Oh, Canada — beware American ideologues bearing advice.
Sarah Palin inadvertently stepped into Canadian politics earlier this week when she told the crew of a CBC comedy show that America’s northern neighbor should “reform its health care system and let the private sector take over” the country’s medical services.
Comedian Mary Walsh of the comedy show This Hour Has 22 Minutes, a sort of Canadian Daily Show, stormed a recent Palin book-signing in Columbus, Ohio, and said to the former Alaska governor: “I just wanted to ask you if you have any words of encouragement for Canadian conservatives who have worked so hard to try to diminish the kind of socialized medicine we have up there.”
The question was tongue-in-cheek: Walsh’s character, Marg Delahunty, may be a conservative, but the CBC’s comedy show is decidedly not.
Walsh was pushed out of the Borders outlet as Palin tried to answer the question, but later, in the parking lot outside, Palin told Walsh that she should “keep the faith because common sense conservatism can be plugged in there in Canada too. In fact, Canada needs to reform its health care system and let the private sector take over some of what the government has absorbed.”
While Canadians have long debated what sort of health care system would be best for the country, the idea that Canada should let the private sector take over delivery of health services will likely go over like a lead weight up north — even among conservatives.
A recent study (PDF) found that 90 percent of Canadians support universal, single-payer health care. A poll taken last summer shows 82 percent of Canadians believe their health care system to be better than the US’s, despite constant grumbling about waiting times for treatment of non-life-threatening conditions.
This would not mark the first time that Palin has been punked by a Canadian comedy team. In November, 2008, days before the presidential election, two Montreal shock-jocks convinced Palin that she was on the phone with French President Nicolas Sarkozy.
Palin didn’t even seem to cotton on that she was being pranked when the shock jocks started talking about Nailin’ Palin, a spoof porn video featuring a Palin lookalike.
The following video was broadcast on the CBC’s This Hour Has 22 Minutes, and was posted to the Web by ThinkProgress.
Virginia was the bellwether of 2017’s big blue wave — but could it happen again?
In November 2017, powered by a surge of grassroots activism one year after Donald Trump’s election, Democrats wiped out a Republican supermajority in the Virginia House of Delegates, and came within one disputed ballot and a random drawing of sharing power in a 50-50 chamber — an early harbinger of the 2018 blue wave. Now they’re back to finish the job, aiming to recapture control of both legislative chambers for the first time in 26 years and set the tone for the 2020 election.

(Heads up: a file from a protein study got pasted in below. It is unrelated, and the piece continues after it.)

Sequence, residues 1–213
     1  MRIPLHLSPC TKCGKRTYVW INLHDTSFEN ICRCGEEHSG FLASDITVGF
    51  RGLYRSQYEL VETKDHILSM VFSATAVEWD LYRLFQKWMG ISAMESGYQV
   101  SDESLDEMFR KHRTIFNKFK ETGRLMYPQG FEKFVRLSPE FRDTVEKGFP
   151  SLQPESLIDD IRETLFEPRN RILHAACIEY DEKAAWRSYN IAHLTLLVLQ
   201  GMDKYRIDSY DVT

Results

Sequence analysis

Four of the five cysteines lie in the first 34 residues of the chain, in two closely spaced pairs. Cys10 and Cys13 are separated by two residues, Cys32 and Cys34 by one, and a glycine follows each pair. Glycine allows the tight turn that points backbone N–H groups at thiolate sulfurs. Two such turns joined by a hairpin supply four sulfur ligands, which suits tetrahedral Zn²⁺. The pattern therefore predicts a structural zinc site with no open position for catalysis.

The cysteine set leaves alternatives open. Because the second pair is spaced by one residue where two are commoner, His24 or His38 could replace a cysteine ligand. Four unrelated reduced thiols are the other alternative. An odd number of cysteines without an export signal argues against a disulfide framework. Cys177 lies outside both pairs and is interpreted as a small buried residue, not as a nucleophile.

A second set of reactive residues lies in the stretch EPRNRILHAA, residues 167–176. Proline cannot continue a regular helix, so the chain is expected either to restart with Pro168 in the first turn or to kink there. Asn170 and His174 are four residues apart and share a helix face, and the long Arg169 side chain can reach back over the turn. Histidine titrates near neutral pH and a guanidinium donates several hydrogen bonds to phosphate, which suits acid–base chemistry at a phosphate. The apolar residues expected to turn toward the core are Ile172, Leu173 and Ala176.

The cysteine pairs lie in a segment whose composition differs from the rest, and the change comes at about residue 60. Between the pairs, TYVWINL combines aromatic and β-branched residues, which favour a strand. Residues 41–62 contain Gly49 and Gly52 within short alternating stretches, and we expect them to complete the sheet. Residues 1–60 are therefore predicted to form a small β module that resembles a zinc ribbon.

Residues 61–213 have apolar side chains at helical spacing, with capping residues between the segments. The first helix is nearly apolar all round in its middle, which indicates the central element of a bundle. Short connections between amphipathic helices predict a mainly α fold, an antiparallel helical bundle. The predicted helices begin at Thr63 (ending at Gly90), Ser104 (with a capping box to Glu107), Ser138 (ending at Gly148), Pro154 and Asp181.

Swing Left, a key player in flipping the House of Representatives last year, has targeted 15 races in the House of Delegates and five in the State Senate. Their main focus is people power, but they’ve also raised more than $550,000 in grassroots donations as of Sept. 11. Just two seats are needed to flip each chamber, and a court-ordered redistricting has made flipping the House much more doable.
‘Did Obama know?’ Rudy Giuliani flings wild new accusations against Biden in overnight tweet rant
President Donald Trump's personal attorney Rudy Giuliani hurled accusations of Ukraine corruption at Joe Biden and his son in a series of middle-of-the-night tweets.
The president admitted Sunday to speaking to Ukraine's president about an investigation of Hunter Biden's business dealings with a natural gas company in the country, after a series of reports revealed his efforts to pressure that government to come up with dirt on the former vice president.
Early Monday morning, Giuliani accused Kiev of laundering $3 million to Hunter Biden and suggested the Obama administration was aware but did nothing, although the former New York City mayor offered no supporting evidence of those allegations.
Chronically underpaid EMTs are being assaulted at record rates
If Upton Sinclair were to write the modern equivalent to “The Jungle,” he might make the setting the metaphorical meat grinder of today’s emergency medical services industry.
Across the nation, emergency medical service professionals, the front-line workforce upon which so much of a patient outcome rests, are grossly underpaid for brutal work schedules that put them at risk of both serious physical injury and burnout.
The cherry on the top of this abuse sundae is that they are 14 times more likely to be violently assaulted on the job than a firefighter.